Condylomata acuminata in children are characterized by peculiar problems, regarding their causal factors, diagnosis and treatment. From a diagnostic point of view, condylomata acuminata should be differentiated from a physiological condition, the so called “irsuties papillarum penis”. On the other hand, condylomata acuminata can be easily differentiated from flat condylomata of syphilis, because the two disorders only share the site involved. Irsuties papillarum penis, which is well known by dermatologists, gets evident in the peripuberal period. It is responsible for significant psychological troubles in the teenage, when adolescents are particularly sensitive to the genital problems.
The serial Book of Pediatric Dermatology is finished. Now we review Pediatric Dermatology from another side. The latter will be more practical for those physicians, who are not yet skilled in pediatric dermatology. In the previous book the thread consisted of the primary skin lesions. Now the thread will be the site of the lesions, even with different references according to the age. The new handling is aimed at the differential diagnosis of dermatological disorders. Regarding the other topics, from etiology to treatment, we will refer to the previous book, only talking about what is new and about peculiar problems of the involved site. (...)
Whatever inflammatory disorder affecting the epidermis and superficial dermis from late spring to early autumn can be responsible for hypopigmented residua. Atopic dermatitis also follows this rule. Being atopic dermatitis the most frequent dermatitis of children, it is even the most frequent cause of hypopigmented residua in childhood. Although present in adults, atopic dermatitis is less frequent in adulthood. At this age pityriasis versicolor (its name is due to the simultaneous presence of hyper- and hypopigmented lesions) is most frequently responsible for hypopigmented lesions. Pityriasis versicolor is a superficial mycosis due to Malassetia furfur. The latter is characterized by a peculiar lipophilia. This is why pityriasis versicolor is rare in children, who present low levels of sebum due to the lack of androgens. The very frequent association between pityriasis versicolor and hypopigmented residua in adults gave rise to the prejudice that all hypopigmented lesions are mycotic. This prejudice is responsible for an excessive and unjustified consumption of antimycotic drugs. The increasing usage of oral antimycotic drugs could be also responsible for systemic side effects. This prejudice should not extend to children, even because pityriasis versicolor is rare in childhood.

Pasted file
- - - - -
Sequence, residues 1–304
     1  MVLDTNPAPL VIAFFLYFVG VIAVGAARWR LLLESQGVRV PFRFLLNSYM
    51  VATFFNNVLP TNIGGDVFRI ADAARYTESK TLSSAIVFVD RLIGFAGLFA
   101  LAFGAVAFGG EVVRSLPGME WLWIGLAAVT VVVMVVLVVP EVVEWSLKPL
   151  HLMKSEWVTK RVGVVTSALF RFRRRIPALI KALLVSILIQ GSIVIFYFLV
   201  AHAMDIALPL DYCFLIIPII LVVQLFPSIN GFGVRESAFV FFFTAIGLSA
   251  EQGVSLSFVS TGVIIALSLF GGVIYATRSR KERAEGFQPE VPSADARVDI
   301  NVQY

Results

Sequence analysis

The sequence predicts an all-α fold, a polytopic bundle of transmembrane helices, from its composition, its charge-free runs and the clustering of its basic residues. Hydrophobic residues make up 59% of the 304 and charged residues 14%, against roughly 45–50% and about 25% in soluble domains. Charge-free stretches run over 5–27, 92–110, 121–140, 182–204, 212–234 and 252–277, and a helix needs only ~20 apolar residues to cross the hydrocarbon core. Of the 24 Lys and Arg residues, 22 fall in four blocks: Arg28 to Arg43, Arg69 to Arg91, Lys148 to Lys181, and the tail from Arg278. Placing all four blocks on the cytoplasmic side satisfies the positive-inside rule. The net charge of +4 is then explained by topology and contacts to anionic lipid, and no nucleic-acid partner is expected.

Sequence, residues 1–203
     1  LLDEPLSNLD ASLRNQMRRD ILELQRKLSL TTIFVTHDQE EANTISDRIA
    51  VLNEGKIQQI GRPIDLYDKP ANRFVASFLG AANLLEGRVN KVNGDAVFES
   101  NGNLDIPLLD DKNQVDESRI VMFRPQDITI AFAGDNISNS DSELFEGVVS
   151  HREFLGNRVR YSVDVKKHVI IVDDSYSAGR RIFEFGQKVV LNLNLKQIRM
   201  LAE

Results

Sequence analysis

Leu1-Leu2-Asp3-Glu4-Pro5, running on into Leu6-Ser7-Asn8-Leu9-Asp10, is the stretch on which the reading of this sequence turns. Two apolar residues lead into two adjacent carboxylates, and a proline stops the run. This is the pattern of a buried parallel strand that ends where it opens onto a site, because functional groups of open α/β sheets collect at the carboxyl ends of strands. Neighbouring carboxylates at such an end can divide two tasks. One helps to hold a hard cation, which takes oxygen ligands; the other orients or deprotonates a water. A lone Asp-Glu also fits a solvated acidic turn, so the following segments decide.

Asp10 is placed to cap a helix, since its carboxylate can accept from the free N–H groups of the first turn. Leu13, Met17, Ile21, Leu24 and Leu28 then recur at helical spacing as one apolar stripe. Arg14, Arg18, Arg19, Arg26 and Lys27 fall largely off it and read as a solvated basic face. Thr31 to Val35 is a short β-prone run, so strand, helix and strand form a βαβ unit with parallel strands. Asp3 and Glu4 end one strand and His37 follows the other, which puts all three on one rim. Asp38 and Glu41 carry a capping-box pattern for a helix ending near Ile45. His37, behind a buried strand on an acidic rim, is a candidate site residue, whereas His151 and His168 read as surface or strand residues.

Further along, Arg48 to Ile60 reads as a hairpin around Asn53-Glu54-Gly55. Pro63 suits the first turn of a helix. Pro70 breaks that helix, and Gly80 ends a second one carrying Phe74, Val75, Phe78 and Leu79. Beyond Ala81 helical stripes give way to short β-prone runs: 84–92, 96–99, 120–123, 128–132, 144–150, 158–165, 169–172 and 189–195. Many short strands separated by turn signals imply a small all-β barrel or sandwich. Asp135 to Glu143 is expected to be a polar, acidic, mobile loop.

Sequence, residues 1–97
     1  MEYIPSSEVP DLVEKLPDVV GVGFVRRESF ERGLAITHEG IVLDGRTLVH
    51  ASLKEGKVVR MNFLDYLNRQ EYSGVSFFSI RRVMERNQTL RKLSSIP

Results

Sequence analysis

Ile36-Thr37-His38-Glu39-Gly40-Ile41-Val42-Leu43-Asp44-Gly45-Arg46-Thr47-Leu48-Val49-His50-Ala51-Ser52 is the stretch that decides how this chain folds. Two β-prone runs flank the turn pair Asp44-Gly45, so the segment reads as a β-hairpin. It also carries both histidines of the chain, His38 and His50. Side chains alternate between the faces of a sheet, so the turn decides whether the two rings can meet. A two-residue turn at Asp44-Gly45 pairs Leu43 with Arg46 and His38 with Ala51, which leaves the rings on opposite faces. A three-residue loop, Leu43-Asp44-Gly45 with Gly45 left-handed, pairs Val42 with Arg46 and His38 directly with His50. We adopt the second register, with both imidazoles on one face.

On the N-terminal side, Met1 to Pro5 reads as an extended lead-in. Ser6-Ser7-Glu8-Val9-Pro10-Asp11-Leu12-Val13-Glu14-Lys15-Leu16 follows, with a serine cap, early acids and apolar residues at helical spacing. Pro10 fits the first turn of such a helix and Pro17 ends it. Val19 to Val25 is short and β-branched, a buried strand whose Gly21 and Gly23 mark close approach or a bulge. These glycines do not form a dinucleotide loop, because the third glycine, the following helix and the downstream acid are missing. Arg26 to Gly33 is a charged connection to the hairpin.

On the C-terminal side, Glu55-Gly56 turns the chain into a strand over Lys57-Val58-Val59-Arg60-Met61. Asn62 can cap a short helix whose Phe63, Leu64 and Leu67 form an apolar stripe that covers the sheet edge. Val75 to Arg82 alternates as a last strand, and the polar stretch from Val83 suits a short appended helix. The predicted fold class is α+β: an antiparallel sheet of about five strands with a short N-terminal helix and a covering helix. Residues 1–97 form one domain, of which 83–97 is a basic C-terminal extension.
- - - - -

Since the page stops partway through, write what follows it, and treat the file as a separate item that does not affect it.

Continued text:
A case of bullous pemphigoid arisen at the age of four months is reported and the relevant literature reviewed, picking out other 20 cases arisen within the first year. Bullous pemphigoid cannot be differentiated from linear IgA dermatosis and acquired inflammatory epidermolysis bullosa, basing themselves only on clinical features. The differential diagnosis from the latter is difficult even with the common immunofluorescence techniques. Bullous pemphigoid is more rare of dermatitis herpetiformis and linear IgA dermatosis in children. Moreover, it starts more precociously, given that one third of the cases arising in the first 14 years start in the first year and, among those ones arising in the first year, more than two thirds start in the first four months of life. The clinical severity of bullous pemphigoid in children is highly variable, ranging from cases which heal with only topical treatment to cases requiring, as the case here reported, an aggressive immunosuppressive treatment. In fact, the severity of our case, due to the hydroelectrolytic imbalance and to the alteration of inflammation indexes, with platelets more than 1,000,000, led us to administrate high dose -7 mg/kg- cyclosporin.